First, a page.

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Union rejects industry offer

THE Garment Manufacturers Association in Cambodia said yesterday that it would drop all complaints related to last month’s strikes in exchange for apologies from workers and unions, an offer a prominent union leader said had been rejected.

GMAC Secretary General Ken Loo said the offer had come following “several meetings” with union leaders and government officials convened in an attempt to resolve the outstanding disputes within the industry.

“We have two main conditions that we deem necessary. Firstly would be at the confederation level, we need a letter of apology ... not to us, but rather to all stakeholders,” Loo said.

“Secondly, at the enterprise level, the workers in question at the enterprise level have got to apologise to the factories.”

“If the unions accept the facts and acknowledge the fact that they were in the wrong, that’s the end of the issue.”

But Kong Athit, secretary general of the Cambodian Labour Confederation, said GMAC’s offer was unacceptable.

“We cannot do that because we are not wrong and the government did not accuse us of being wrong,” he said. “If we apologise to them, it means we admit we were wrong, and then they can make more problems for us.”

Loo said 67 union representatives in total remained suspended in connection with strikes held last month to protest the minimum wage for garment workers. A total of 358 workers who protested the suspensions of their representatives had been fired because they ignored court orders requiring them to return to work within 48 hours, he added.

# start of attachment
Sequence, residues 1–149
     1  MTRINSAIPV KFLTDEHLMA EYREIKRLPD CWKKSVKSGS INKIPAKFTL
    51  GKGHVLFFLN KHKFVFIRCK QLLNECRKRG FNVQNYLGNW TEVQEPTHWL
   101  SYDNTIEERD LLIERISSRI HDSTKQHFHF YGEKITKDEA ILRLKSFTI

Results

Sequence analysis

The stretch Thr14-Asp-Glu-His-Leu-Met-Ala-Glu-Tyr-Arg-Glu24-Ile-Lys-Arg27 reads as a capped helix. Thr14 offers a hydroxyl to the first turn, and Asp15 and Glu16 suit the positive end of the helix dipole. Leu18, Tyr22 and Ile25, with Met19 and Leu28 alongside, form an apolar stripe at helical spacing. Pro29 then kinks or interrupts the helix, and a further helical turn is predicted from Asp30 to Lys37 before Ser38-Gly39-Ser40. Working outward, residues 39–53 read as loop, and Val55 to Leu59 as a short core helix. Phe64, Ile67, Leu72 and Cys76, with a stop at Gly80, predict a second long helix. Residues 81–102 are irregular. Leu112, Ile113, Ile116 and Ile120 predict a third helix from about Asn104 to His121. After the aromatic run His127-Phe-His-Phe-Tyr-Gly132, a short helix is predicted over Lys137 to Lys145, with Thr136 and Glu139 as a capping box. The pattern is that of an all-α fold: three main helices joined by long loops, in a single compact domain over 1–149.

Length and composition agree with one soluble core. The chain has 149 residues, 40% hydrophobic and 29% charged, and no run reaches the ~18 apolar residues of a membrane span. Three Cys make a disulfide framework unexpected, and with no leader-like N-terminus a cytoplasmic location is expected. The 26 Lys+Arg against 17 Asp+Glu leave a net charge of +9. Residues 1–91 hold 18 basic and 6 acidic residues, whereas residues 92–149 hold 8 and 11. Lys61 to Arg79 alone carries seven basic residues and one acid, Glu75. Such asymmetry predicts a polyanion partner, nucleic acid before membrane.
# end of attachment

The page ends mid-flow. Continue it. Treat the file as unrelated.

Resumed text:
Kong Athit disputed these figures, however. He said 106 union representatives remained suspended and 677 workers had had their contracts terminated after protesting these suspensions.

Loo said that if the unions and workers did not agree to apologise, the factories that had filed complaints would continue to pursue them through the court system.

“If they don’t feel they were in the wrong, obviously they don’t have to apologise,” he said. “Obviously, we don’t think we were wrong, and the unions don’t admit they were wrong, but somebody’s wrong, so we can only turn to the courts to intervene.”

In a speech last month, Prime Minister Hun Sen called for employers to drop complaints against workers and union representatives.

Tuomo Poutiainen, the chief technical adviser for the International Labour Organisation’s Better Factories Cambodia programme, said it was still possible to find a compromise that would suit both the unions and the employers. He pointed to last month’s signing of a memorandum of understanding between union and industry representatives related to dispute resolution as a promising step for the Kingdom’s industrial relations.
“In my opinion, there’s basis to find positive cohabitation, and that would play well for the future of the industry,” Poutiainen said.

On Monday, 22 union representatives who had been suspended at the Sangwoo garment factory in Kampong Speu province were allowed to return to their jobs following a meeting with factory management.

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